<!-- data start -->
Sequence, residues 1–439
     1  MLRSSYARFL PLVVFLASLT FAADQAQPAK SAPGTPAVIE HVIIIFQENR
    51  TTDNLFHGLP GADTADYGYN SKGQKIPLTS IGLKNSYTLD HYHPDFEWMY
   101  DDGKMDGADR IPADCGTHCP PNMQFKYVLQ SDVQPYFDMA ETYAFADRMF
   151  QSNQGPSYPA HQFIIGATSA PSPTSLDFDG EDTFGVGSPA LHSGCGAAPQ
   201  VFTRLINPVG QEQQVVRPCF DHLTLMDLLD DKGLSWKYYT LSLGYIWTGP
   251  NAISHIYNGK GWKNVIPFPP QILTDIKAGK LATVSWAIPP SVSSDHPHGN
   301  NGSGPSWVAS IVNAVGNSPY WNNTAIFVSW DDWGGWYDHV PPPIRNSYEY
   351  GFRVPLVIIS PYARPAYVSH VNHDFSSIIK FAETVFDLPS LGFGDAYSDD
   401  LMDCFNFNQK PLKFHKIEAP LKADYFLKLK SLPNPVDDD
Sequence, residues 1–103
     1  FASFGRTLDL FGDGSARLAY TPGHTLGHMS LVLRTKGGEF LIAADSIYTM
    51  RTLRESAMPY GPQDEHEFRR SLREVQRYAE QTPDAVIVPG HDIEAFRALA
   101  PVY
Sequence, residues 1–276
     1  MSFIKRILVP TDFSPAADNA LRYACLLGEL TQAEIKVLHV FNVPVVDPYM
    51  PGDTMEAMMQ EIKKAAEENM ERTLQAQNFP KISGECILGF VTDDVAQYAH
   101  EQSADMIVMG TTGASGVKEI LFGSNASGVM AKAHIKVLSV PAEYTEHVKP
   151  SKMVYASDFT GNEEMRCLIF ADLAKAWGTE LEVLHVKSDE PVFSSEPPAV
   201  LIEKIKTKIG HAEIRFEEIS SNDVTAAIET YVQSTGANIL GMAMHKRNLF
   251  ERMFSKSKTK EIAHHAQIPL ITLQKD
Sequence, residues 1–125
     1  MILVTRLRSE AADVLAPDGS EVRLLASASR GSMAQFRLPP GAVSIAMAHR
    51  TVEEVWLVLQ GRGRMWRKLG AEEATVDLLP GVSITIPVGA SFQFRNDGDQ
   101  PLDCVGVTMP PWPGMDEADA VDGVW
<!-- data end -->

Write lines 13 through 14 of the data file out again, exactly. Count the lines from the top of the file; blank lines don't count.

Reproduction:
    51  RTLRESAMPY GPQDEHEFRR SLREVQRYAE QTPDAVIVPG HDIEAFRALA
   101  PVY